I remember an old Barney Miller episode where an English aficionado was distressed by the degradation of the English language by advertising. He freaked at ads with words like “flavorosity!” and “scrumptiousnessity!’ He railed against the affront with all the fervor of a high priest faced with blasphemy. At the time, I thought it was funny.
In the early eighties, an English major I worked with was beside herself when she saw the word “glitz” in the newspaper. “It isn’t a word!” she screamed as if in pain, and ranted for days on the subject, which somehow bled through to the fall of society as we know it. Of course nowadays, glitz is a word. So is muggle, even though my Word spell check disagrees for now.
Living languages, grow. They change.
The word for the tops of multiple buildings used to be written, rooves, just like hooves. Sometime ago that changed to roofs. Why? Because that is how the majority of people preferred it and used it.
That’s the thing about language. It isn’t Math. It isn’t Science. There is no singular authority on the subject. Many people and organizations attempt to declare themselves such, or point to references they feel are absolute, but in reality, the English language has no rules. Latin does, because Latin is dead, but as long as English is alive, any practitioner of the language is an authority on it. Anyone can invent a word, or alter the grammar to suit themselves, and if it proves sound to the general users, it will become chiseled into the framework. Shakespeare is cited as having invented at least 1,700 words and phrases and he was only a lowly playwright not a college professor, Prime Minister of Language, or even the king. That’s what it means to be a living language.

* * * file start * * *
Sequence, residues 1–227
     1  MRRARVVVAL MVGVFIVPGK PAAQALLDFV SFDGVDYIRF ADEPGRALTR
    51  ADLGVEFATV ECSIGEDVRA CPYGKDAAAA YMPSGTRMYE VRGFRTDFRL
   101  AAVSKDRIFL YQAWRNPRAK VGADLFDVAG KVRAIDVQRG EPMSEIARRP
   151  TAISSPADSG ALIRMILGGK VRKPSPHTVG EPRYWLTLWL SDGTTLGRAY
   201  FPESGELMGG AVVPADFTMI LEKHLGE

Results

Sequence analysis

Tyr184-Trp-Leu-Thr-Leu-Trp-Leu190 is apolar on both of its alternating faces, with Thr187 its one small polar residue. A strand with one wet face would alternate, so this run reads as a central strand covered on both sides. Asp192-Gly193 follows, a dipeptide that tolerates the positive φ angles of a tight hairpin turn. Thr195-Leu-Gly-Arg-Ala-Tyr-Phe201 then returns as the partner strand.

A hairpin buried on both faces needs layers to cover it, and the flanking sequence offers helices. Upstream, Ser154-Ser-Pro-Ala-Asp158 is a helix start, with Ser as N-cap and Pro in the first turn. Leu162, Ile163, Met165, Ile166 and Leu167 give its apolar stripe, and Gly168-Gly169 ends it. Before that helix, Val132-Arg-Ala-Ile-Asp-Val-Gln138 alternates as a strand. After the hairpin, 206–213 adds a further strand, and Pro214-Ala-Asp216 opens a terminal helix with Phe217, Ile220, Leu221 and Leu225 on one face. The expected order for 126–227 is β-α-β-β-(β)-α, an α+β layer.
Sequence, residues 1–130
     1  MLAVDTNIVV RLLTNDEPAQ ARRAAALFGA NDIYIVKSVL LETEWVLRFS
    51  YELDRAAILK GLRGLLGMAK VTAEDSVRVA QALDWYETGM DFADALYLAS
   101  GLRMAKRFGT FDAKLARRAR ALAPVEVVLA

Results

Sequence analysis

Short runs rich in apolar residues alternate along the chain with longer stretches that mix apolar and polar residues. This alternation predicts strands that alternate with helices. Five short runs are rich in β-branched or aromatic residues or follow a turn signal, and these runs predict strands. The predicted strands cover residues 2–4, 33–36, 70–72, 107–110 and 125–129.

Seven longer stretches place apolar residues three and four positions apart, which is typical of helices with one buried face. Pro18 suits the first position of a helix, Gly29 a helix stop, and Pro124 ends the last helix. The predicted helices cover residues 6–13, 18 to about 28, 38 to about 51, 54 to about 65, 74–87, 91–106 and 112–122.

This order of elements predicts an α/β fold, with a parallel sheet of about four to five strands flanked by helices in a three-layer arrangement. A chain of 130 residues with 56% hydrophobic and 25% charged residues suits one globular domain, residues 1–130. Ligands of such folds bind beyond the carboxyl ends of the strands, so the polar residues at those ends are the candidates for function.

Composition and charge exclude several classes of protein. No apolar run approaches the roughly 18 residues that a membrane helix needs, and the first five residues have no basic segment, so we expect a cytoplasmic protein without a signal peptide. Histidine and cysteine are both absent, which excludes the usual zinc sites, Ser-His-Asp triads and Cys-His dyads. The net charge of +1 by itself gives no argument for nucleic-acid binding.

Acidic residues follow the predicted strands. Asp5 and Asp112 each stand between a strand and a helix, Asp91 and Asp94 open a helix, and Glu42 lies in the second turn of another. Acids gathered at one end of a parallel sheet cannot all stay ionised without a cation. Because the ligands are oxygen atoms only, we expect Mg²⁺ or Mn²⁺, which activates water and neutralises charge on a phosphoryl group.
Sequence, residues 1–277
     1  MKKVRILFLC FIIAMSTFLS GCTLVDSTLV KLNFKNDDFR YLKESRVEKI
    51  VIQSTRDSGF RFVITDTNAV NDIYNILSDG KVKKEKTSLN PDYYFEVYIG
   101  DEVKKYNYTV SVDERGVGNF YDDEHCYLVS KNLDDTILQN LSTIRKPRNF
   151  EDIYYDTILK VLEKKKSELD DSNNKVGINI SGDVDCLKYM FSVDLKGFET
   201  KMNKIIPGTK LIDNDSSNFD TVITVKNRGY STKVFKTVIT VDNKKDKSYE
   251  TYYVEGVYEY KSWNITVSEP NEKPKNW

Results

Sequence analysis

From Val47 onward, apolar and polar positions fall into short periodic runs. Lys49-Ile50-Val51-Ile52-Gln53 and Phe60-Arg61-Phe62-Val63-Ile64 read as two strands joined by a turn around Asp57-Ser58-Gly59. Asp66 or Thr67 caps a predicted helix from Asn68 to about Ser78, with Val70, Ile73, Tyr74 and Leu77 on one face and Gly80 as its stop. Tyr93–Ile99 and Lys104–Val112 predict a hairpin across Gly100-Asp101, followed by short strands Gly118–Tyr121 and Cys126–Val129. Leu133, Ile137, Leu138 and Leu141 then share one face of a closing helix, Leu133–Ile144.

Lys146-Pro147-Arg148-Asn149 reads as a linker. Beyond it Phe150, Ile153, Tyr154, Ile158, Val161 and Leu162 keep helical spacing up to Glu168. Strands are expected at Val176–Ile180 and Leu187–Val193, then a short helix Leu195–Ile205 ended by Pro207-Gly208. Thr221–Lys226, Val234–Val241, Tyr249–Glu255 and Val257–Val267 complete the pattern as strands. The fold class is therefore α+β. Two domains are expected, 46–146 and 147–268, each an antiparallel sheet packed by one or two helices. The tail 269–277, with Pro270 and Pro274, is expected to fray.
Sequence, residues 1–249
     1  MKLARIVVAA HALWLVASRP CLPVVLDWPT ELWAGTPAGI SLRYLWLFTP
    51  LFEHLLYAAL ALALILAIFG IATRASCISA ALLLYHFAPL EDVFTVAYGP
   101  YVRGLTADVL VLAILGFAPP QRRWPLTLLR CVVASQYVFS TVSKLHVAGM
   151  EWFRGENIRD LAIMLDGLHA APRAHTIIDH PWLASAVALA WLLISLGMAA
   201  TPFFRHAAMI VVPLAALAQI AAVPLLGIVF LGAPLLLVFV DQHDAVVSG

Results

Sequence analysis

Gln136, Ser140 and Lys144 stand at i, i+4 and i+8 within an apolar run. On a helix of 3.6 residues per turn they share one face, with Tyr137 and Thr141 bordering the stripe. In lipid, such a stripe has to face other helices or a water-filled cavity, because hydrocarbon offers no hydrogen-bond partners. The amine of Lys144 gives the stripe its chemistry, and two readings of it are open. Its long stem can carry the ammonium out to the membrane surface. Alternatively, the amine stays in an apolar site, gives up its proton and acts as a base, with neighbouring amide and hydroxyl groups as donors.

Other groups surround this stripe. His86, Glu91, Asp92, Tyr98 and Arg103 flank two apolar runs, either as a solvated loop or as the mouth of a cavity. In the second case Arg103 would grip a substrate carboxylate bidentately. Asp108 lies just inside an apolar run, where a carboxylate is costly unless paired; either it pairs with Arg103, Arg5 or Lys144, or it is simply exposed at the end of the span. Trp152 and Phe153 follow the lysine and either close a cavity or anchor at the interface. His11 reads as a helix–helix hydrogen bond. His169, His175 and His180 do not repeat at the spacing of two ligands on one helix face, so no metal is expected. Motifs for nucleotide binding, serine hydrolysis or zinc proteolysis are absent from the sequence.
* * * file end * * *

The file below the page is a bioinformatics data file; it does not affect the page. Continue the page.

And yet, there are always Grammar Nazis who insist that all writing in English must conform to a set of highly arcane rules that read like a different language in themselves.
“Common introductory phrases that should be followed by a comma include participial and infinitive phrases, absolute phrases, nonessential appositive phrases, and long prepositional phrases (over four words).”
Stereo installation instructions are easier to follow.
This is why it isn’t unusual to find self-accredited authorities on the subject who disagree with one another. Perhaps the most famous being whether or not to place a comma before the “and” in a list. (I frequently leave out the “and” altogether in protest.) But put any two editors in a room, propose a question, and you’ll likely get three answers.
This is what drives my editor/wife insane. She hangs out with Math. She likes an ordered world where the rules never change (let’s not talk about negative numbers, I still have flashbacks.) She feels certain that there must be an answer to all this confusion. If only she was smarter. If only she studied the sacred tomes of Englishosity more she could find the holy grail of comma usage and this would let her sleep at night.
My opinion is different.
Language, like Art, is communication. As long as I get my point across clearly, concisely, consistently, and with as little confusion as possible—it’s good. The rest is pretentious fascism—which, of course, is why I don’t edit my own books. Did I mention I hung out with Art in school?
(While researching the proper usage of the term Grammar Nazi--which apparently I did not coin--I found this. Be advised, while funny, it contains strong language.)